October 11, 2010 - Injury Free Coalition for Kids of Baltimore
BALTIMORE, MD (Ivanhoe Newswire) -- It has the same affect on children as it does adults, damage to arteries, the heart and kidneys. Jessica Corser looks like a typical teen, but on the inside she’s dealing with some serious adult health issues.
"I was in school and I had passed out in the hallway, and found myself up in the hospital with high blood pressure." Corse told Ivanhoe.
--Her dad James couldn't believe it.
"We were surprised, she's young why should she have high blood pressure?" Corser said.
A new study from pediatric nephrologists, the kidney experts at Johns Hopkins Children's Center, found that medical staff failed to check blood pressure in 20% of kids.
“We're saying that children who had blood pressure that were higher than the normal values, weren't recognized as having those values." Alicia Neu, M.D, a pediatric nephrologist at Johns Hopkins Children's Center said.
Measuring blood pressure in a child is far more complicated than in an adult. Normal blood pressure in adults, 120 over 80, is not normal in children.
"For a very small child a blood pressure of 110 over 60, which sounds normal, may be very abnormal." Dr. Neu explained.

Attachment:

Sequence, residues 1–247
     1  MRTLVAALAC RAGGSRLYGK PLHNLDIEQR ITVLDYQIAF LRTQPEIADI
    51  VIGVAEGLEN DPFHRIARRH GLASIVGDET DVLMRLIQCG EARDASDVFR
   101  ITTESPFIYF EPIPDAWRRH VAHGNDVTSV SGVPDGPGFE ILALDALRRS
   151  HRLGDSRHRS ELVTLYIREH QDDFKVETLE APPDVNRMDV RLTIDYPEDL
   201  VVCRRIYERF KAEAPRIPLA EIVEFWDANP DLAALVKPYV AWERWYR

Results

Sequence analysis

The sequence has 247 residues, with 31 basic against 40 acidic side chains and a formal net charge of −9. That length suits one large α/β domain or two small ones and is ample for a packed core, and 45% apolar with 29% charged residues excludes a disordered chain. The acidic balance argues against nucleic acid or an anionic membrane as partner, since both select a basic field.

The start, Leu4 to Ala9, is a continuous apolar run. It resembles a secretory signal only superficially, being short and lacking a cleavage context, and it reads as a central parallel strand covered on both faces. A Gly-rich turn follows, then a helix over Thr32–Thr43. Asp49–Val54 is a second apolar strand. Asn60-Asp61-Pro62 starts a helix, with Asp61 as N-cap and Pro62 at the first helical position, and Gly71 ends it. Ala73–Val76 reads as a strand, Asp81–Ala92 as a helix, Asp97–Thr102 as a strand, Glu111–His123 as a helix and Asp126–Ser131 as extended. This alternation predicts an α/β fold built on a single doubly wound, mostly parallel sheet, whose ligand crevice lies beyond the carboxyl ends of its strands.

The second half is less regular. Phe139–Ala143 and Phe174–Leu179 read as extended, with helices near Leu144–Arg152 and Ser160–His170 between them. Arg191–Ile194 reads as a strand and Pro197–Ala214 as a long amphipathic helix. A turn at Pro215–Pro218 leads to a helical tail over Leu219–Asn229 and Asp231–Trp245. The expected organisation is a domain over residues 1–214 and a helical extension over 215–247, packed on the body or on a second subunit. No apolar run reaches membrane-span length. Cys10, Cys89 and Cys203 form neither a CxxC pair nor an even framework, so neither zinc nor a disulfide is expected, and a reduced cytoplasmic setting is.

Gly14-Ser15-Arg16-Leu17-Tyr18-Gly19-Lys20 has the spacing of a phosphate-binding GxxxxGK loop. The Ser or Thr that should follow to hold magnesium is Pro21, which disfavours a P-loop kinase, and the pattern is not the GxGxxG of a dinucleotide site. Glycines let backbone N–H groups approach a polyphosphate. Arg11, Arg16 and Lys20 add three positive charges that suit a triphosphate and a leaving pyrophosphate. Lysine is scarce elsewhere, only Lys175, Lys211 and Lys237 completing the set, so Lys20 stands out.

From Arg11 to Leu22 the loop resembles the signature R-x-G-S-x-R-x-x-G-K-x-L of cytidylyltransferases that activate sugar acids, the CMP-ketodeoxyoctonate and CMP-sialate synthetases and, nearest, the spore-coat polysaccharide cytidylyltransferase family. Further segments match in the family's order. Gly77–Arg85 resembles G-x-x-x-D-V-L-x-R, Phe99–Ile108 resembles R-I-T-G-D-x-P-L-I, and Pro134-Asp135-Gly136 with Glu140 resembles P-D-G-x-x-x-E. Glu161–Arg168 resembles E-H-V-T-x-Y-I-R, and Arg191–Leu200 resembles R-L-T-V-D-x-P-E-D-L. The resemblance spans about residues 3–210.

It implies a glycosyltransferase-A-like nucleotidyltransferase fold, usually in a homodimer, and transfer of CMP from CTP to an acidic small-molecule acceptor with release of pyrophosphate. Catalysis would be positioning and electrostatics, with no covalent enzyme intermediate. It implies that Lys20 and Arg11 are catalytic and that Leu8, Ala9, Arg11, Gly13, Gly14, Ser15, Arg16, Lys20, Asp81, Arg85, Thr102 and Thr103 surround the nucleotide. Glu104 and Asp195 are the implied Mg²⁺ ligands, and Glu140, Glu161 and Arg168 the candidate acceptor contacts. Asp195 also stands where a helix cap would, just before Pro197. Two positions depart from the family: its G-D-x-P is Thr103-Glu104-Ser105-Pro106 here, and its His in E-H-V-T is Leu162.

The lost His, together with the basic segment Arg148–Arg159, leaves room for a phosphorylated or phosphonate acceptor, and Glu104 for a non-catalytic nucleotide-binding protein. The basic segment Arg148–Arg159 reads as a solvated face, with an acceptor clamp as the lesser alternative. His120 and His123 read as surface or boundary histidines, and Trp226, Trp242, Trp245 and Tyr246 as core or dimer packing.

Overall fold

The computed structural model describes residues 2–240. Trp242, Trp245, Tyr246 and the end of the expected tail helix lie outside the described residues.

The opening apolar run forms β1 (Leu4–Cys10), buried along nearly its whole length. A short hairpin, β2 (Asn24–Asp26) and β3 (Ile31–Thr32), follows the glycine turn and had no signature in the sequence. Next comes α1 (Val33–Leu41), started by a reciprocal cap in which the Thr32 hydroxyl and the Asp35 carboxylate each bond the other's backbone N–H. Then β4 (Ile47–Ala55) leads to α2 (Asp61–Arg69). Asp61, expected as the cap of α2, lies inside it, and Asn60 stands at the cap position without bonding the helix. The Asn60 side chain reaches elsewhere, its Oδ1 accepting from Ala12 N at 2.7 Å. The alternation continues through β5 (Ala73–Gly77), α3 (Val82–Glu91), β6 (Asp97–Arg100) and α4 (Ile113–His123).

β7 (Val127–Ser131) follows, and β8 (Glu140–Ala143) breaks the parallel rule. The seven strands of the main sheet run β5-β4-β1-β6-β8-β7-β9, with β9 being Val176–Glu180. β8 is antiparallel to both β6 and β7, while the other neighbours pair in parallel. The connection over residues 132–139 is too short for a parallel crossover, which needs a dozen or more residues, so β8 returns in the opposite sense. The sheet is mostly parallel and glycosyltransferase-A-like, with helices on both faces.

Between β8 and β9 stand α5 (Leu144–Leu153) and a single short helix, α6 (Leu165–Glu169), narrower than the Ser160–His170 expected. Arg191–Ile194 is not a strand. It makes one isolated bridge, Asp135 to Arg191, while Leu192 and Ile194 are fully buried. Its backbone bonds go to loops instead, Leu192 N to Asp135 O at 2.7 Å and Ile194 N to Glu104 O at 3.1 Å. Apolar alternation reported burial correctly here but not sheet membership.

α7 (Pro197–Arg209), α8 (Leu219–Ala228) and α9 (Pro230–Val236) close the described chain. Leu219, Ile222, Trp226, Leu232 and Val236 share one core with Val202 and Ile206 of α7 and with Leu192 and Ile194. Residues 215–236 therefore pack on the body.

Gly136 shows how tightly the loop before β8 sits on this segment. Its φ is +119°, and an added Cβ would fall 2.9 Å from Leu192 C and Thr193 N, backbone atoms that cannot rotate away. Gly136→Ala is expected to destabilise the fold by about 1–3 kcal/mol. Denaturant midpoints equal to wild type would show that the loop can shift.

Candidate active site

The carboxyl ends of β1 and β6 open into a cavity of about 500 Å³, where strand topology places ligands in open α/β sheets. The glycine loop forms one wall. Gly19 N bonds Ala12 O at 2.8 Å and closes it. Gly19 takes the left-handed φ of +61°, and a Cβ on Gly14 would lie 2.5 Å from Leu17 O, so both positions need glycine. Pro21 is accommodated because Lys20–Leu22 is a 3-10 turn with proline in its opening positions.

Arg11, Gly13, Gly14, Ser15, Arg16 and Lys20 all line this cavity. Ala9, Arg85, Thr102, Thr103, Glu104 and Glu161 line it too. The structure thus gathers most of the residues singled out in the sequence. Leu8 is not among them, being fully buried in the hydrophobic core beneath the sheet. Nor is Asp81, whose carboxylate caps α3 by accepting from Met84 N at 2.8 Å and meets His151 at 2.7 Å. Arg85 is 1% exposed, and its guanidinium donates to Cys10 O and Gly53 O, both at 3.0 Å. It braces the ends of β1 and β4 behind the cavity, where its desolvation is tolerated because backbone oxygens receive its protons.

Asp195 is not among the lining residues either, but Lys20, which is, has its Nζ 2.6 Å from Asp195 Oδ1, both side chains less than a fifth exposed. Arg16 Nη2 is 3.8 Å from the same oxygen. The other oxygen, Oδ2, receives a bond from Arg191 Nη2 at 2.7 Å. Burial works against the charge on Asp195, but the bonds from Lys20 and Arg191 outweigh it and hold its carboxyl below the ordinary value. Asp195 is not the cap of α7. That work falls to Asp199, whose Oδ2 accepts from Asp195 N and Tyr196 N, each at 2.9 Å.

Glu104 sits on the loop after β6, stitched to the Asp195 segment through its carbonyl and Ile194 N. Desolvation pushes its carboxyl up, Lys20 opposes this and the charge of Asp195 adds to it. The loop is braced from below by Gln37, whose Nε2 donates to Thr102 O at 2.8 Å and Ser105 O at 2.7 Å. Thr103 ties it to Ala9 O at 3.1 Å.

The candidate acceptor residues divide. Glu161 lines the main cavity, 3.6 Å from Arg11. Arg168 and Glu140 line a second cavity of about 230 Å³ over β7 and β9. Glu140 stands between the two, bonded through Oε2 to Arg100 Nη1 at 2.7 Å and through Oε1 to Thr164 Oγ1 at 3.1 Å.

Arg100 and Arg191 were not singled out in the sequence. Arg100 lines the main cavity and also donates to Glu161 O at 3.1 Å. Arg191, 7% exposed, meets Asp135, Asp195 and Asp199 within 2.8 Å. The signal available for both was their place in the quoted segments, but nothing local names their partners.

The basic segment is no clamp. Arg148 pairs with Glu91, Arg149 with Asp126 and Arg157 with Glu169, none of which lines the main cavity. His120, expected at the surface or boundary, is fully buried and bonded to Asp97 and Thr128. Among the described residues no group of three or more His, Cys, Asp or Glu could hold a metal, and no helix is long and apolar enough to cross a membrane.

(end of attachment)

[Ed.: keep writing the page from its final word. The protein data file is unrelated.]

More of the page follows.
Doctors and nurses refer to a reference chart to determine normal or abnormal blood pressure readings based on a child’s age, height, and sex. Understanding complicated reference tables could be why elevated blood pressures in children can be missed.
"We recognize that it's hard to know whether or not a blood pressure is normal just by looking at it, I takes a long time to figure out whether or not it's high or low." Dr. Neu said.
Doctors recommend that parents ask to have their child's blood pressure checked at every clinical visit. Medications and keeping active help Jessica manage her own blood pressure.
“I feel like I do have it under control." Corser said.
Controlling the silent killer at every age. The American academy of pediatrics' guidelines call for regular blood pressure checks in children 3 years and older. Elevated blood pressure on three consecutive medical visits qualifies as hypertension.
Tammy M. Brady, MD, MHS – Nephrologist
Division of Pediatric Nephrology
Johns Hopkins University
Baltimore, MD 21287